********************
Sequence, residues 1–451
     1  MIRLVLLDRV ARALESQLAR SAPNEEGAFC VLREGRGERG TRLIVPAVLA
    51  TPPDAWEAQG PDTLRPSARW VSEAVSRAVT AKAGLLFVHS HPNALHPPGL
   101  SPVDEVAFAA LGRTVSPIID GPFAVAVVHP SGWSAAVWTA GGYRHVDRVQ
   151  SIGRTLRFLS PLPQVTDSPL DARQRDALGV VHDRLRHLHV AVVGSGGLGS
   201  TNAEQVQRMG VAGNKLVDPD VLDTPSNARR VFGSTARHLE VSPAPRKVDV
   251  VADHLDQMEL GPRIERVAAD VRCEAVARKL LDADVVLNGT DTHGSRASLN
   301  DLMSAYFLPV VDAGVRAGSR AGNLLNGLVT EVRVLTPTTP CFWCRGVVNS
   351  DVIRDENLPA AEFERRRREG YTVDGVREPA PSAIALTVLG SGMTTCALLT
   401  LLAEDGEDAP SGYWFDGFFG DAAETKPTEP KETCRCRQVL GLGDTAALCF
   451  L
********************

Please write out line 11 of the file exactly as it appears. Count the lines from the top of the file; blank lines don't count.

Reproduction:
   451  L